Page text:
She’s found a sympathetic ear in some local politicians including Long Beach City Council members Cindy Allen, Megan Kerr and Roberto Uranga. The trio authored a letter in November urging the federal government to move up the 2030 deadline, saying that “with the health and safety of our citizens on the line, this is simply not soon enough.”

Beyond the sentiments expressed in that letter, however, local government may have little power to help unless it is willing to give up its federal funding.

Long Beach Airport is a federally obligated facility, meaning the city has accepted federal money to buy land, develop or improve it. In fact, the city has received hundreds of millions of dollars from the federal government for the airport, according to an Oct. 31 memo from airport Director Cynthia Guidry.

“It would be extremely difficult and unreasonable for the city to attempt to return long-term federal dollars, nearly $350 million, to obtain local control of airport regulations,” Guidry wrote.

The FAA has sole jurisdiction over airspace, preventing airports from limiting operations in the sky, but facilities that are not federally obligated can enact ground-based policies such as limiting hours or types of services to reduce general aviation activity and noise.

In October, for example, the Torrance City Council voted unanimously to ban “touch-and-go” landings at Zamperini Field Airport after residents complained of increased noise and pollution from flight schools. The move likely pushed more operations to Long Beach.

Attempts to more strictly regulate takeoffs and landings could also result in the city losing its limited control of flight operations. The federal government took control of noise abatement at airports in 1990, but because Long Beach’s local noise ordinance was already in place, it was grandfathered in.

Through that ordinance, the city limits daily commercial flights, including hours of operation and the number of departures, but it has looser limits for general aviation, only outlining the hours of operation with no limit to the number of flights.

A single-engine plane flies over East Long Beach Wednesday, Jan. 3, 2023. Photo by Brandon Richardson.

Any attempts to alter the ordinance could open it up to legal challenge and cause it to be thrown out entirely, according to Guidry.

Without a feasible stick to forcibly limit small-plane operations or their use of leaded fuel, city officials are turning to a carrot: cash.

Leaded aviation gas is significantly cheaper at Long Beach Airport. Fuel supplier Signature sells it for $7.59 per gallon compared to $11.39 per gallon for the unleaded alternative.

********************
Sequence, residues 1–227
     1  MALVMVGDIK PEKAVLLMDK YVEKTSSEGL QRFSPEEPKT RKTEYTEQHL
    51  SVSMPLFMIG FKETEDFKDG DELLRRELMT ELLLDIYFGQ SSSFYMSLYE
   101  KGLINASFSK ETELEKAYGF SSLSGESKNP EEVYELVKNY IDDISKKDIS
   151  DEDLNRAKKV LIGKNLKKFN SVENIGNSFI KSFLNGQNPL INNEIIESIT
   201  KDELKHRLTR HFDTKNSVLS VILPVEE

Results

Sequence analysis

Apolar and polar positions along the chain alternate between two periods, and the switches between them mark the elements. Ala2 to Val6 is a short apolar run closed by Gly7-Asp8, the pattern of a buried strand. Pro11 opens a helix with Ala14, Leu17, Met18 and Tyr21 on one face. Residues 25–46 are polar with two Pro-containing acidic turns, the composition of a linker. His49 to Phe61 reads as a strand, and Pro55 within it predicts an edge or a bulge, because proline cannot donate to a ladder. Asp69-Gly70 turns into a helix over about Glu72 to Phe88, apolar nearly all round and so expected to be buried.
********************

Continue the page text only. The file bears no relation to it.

To bridge the gap, airport staff has proposed $200,000 in subsidies allowing Signature and other providers to sell unleaded fuel for the same price as leaded. The City Council is set to consider the funding during its Jan. 23 meeting.

The unleaded gas being sold, meanwhile, is only compatible with 60% to 70% of the piston-powered, small-engine aircraft, with the remaining fleet requiring a higher-octane fuel that is not yet commercially available in an unleaded form.

There is some hope on the horizon. General Aviation Modifications, Inc., or GAMI, is on the verge of releasing a high-octane fuel that could power all general aviation craft at Long Beach. The fuel, G100UL, is FAA approved and expected to hit California airports in the first quarter, according to Field Service Manager Tylor Hall.

“We’re negotiating with the large distributors,” Hall said, adding that a plant in Houston is preparing to produce millions of gallons of the fuel per month.

To encourage pilots to use the new fuel as soon as possible, Long Beach is also offering them a one-time payment of up to $300 to help offset a fee they’re required to pay when they switch to unleaded fuel. Operators have to pay the fee for a certificate authorizing them to use unleaded fuel because the planes were designed to run on leaded gas, and switching to unleaded — although safe — technically counts as a modification to a tightly regulated aeronautical product.

Depending on the type of plane, the fee can run from $200 to $1,000. The reimbursement may not cover the whole cost of the fee, Hall said, but it’s “a major step forward.”

Editor’s note: This story has been updated to show the City Council will consider the fuel subsidy on Jan. 23.